This daguerreotype of President Andrew Jackson was taken by Mathew Brady. This photograph was taken on April 15, 1845, shortly before Jackson passed away at his home, The Hermitage, near Nashville, Tennessee on June 8, 1845. This is one of four known Jackson daguerreotypes in existence. Jackson served as the 7th president of the United States from March 4, 1829 to March 4, 1837. Prior to his election, he also served in the United States House of Representatives and the United States Senate for the state of Tennessee, and was a major general during the War of 1812.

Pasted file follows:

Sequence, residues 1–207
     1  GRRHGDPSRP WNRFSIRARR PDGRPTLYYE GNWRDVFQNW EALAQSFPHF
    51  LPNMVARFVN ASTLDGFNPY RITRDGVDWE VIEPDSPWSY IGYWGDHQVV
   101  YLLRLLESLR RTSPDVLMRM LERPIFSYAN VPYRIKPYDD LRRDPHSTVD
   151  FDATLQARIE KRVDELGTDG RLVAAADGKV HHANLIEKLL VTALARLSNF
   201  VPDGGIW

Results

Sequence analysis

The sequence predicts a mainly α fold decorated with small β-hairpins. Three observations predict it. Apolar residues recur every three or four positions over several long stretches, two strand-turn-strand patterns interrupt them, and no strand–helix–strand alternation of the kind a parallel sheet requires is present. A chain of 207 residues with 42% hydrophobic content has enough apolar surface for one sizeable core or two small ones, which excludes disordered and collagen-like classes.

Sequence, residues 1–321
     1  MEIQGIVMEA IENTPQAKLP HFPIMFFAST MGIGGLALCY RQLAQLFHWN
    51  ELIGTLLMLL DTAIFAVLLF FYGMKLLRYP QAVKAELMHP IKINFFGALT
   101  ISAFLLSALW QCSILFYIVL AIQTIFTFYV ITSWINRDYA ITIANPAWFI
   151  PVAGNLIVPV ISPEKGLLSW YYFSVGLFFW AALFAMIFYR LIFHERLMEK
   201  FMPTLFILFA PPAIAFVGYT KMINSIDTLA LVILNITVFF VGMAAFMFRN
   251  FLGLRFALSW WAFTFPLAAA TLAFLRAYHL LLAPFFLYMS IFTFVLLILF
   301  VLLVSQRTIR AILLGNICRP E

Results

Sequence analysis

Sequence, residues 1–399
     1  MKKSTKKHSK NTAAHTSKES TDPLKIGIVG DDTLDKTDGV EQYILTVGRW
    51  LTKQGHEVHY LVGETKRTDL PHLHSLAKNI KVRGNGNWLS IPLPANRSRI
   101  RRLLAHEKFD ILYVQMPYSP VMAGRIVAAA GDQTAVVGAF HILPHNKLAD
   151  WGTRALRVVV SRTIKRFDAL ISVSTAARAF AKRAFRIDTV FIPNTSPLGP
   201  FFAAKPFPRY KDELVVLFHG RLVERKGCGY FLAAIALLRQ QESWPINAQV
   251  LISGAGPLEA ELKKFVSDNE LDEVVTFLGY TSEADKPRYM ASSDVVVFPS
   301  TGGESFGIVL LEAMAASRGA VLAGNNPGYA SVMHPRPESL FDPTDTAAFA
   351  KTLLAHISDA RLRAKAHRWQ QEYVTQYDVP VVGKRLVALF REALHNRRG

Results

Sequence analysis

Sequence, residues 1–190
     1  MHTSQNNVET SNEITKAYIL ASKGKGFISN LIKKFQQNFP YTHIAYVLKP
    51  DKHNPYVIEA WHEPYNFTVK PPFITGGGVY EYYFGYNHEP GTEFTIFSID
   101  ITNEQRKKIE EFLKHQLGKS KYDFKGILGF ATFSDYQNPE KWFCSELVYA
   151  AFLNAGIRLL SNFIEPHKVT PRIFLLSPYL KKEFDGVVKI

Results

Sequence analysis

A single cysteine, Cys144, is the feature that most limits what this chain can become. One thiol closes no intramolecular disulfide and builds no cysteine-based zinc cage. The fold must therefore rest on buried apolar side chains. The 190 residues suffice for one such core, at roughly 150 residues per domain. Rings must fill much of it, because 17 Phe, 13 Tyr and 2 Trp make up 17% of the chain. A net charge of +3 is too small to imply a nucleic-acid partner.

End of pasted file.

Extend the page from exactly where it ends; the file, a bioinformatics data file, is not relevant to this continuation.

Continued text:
• portrait
    This oil on canvas portrait of William Henry Harrison was completed by an unknown artist circa 1840 after work by artist Abel Nichols. Lightly inscribed in the lower left is the name "R.E. Earl." Harrison, known for his military service in the late 18th and early 19th centuries, came out of retirement in 1840 to win the presidential election and become the 9th president of the United States. After serving only 32 days, however, Harrison became the first president to die in office. His term remains the shortest presidential tenure to date. His grandson, Benjamin Harrison, would be elected in 1889 as the 23rd president.
  • portrait
    silhouette